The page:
The Kiyo is part of Razer's broadcaster lineup of accessories, joined by the Seiren microphones and Ripsaw capture card. Their collective target: Streamers. Folks who need a quality product to produce a quality stream.
The Kiyo isn't like any normal webcam, though. And that's pretty obvious as soon as you clap eyes on it. It's big and round and has a really bright ring light out front. Overall, it's a solid product that has its faults, but might be the thing you need for your stream.
Light me up
Pros:Ring light is bright and easy to adjust.1080p video, 60fps at 720p.Punchy image with nice contrast (but beware of looking a little over saturated!).Built-in tripod mount.
Cons:Quite large.No companion software.Even small movements trigger auto-focus.Built-in microphone is on the quiet side.
What you'll love about the Razer Kiyo
The light. Arguably it's the single thing you'd be considering buying the Razer Kiyo for. Lighting is important if you're putting your face in a stream, because your viewers will want to see you and it doesn't look very professional if you're all dark and noisy. The light on the Kiyo cures all that without the need for external, often large lights.
- Video: 1080p/30fps or 720p/60fps.
- Adjustable ring light.
- Built-in microphone.
- Supports XSplit and OBS (and most Windows apps that support webcams).
- Standard tripod mount.
That also makes it a superb choice for a streamer who's tight on space. If you're using a green screen, this light alone probably won't be enough, but it's really bright. It's also super easy to adjust, you simply turn the ring and it gets brighter or dimmer.
The image quality when the room is well lit is pretty good and looks quite punchy with plenty of contrast. Comparing it to my Logitech C922, the Logitech's image for both photo and video looks more washed out. Even without the ring light activated on the Kiyo.
Video wise, the Kiyo shoots 1080p video but it's limited to 30FPS. If you're pushing out a 60FPS stream and want your webcam to match, you have to drop the resolution to 720p. If you're only using it in a small box on stream though, even 720p is overkill. But the facility is there.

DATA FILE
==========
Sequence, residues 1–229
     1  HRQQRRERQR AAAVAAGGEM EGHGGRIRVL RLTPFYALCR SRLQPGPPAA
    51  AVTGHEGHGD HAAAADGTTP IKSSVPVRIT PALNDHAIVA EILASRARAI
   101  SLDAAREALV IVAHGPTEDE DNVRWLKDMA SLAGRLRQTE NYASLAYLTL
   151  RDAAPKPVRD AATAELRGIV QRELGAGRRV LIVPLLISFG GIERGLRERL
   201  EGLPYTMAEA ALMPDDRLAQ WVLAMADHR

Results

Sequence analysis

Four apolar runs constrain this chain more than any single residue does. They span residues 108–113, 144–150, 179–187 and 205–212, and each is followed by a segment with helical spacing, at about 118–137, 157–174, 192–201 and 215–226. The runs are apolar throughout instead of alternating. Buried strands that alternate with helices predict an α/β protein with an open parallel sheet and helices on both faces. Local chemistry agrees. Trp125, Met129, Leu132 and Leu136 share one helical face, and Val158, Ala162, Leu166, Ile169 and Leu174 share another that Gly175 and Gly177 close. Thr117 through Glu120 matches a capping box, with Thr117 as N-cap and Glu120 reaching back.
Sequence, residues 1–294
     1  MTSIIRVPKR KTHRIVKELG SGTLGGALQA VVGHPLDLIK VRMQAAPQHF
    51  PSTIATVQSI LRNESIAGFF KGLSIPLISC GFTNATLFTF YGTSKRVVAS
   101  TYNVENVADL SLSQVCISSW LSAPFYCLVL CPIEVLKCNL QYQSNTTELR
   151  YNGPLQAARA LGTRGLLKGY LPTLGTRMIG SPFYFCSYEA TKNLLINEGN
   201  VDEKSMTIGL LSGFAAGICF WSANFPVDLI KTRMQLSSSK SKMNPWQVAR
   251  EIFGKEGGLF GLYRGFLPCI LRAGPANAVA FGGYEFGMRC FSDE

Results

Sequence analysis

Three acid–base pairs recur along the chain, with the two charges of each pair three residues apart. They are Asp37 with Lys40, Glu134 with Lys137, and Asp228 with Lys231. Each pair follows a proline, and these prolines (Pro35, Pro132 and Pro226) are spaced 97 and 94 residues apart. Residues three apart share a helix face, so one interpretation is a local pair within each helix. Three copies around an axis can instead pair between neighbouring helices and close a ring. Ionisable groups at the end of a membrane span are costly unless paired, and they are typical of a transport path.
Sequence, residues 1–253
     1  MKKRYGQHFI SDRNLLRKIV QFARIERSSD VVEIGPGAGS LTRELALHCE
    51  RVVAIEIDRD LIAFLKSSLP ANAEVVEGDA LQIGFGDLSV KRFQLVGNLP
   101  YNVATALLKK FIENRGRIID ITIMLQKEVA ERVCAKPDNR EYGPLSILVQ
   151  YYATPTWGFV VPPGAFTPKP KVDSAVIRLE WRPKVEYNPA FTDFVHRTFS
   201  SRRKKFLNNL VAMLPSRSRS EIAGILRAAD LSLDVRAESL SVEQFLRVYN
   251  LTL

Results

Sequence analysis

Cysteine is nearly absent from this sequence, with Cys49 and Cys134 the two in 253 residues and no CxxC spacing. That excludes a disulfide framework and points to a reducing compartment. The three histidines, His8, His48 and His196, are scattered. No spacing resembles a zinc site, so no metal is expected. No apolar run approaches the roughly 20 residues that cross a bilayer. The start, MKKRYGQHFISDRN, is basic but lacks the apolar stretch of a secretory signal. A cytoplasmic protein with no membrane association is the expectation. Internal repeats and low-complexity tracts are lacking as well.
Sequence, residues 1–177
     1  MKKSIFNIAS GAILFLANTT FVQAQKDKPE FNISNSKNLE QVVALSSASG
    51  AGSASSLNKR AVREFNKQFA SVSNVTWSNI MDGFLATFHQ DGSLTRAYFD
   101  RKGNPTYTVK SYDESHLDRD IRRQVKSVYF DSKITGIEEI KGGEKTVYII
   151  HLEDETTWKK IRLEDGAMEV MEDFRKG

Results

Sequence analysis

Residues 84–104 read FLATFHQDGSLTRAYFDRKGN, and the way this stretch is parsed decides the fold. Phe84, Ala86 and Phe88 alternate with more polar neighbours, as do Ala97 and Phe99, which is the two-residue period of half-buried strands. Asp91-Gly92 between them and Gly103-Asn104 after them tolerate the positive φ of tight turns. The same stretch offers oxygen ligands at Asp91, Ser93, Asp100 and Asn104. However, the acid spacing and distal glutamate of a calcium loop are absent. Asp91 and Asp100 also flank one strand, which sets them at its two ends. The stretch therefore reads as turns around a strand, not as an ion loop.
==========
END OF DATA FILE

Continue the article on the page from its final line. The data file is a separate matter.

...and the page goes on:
And if you'd rather not have it hanging off your monitor (more on that below), there's a standard tripod mount on the bottom. Although you'll have to supply the tripod (unlike with the Logitech C922).
What you'll hate about the Razer Kiyo
This thing is huge. It covers an entire tab in my web browser with the piece that hooks over the front of the monitor, and it's an all-around giant. It isn't particularly heavy, at least, but it's huge. This is less of an issue if you're using it on a tripod, but it's quite the thing to mount on your monitor.
What's also disappointing is that Razer hasn't hooked up the Kiyo to its Synapse application. There are no software controls for the Kiyo whatsoever, so you can't zoom, pan, tilt, or adjust white balance and exposure. Any tweaks have to be done in your applications, like XSplit or OBS.
The built-in microphone is pretty quiet, which for a streamer isn't the end of the world. But if you don't have an external microphone, or even if you're using this in a pinch for something real-world like a conference call, folks on the other end may struggle to hear you.
There's also a pretty aggressive auto-focus. You never want to be out of focus, so it's great the Kiyo is fairly fast, but in my testing even only small movements can trigger the auto-focus, so you see that shifting movement. It isn't the end of the world but if you do move around a lot, it's something to bear in mind. Especially since there's no companion app to set manual focus with.
Bottom line on the Razer Kiyo
For the target audience, streamers, the Kiyo is a great choice. Even if you have external lighting, the ring light illuminates your face evenly in even the darkest of situations, so you'll always be seen on your stream. The image quality is decent, and even though it isn't leagues better than competing devices, it's more contrasty and I think better looking than something like the Logitech C922.
There are drawbacks, mostly minor, like the sheer size of the thing if it's going to be mounted atop your monitor.
The biggest criticism is that there's no companion software, so you have very limited control. Apps like XSplit can adjust brightness and contrast as well as tint, but they can't pan or tilt the camera feed, and they can't enable manual focus. Considering Razer has Synapse for a ton of its hardware, it feels like a misstep not to have something for the Kiyo.
But for streamers, you could do a lot worse and if you're tight on space that ring light will really help out. It's super bright so you don't need it on full all the time, especially if you're quite close to it, but it does a fantastic job. You may look a little saturated if it's too bright, so make sure to adjust things a little in your streaming software.
It's less easy to recommend to a non-streamer, especially at $100, and if that's not your thing probably look elsewhere. But for who it's meant for, it's a solid choice.
Richard Devine is an Editor at Windows Central. A former Project Manager and long-term tech addict, he joined Mobile Nations in 2011 and has been found on Android Central and iMore as well as Windows Central. Currently you'll find him covering all manner of PC hardware and gaming, and you can follow him on Twitter and Instagram.
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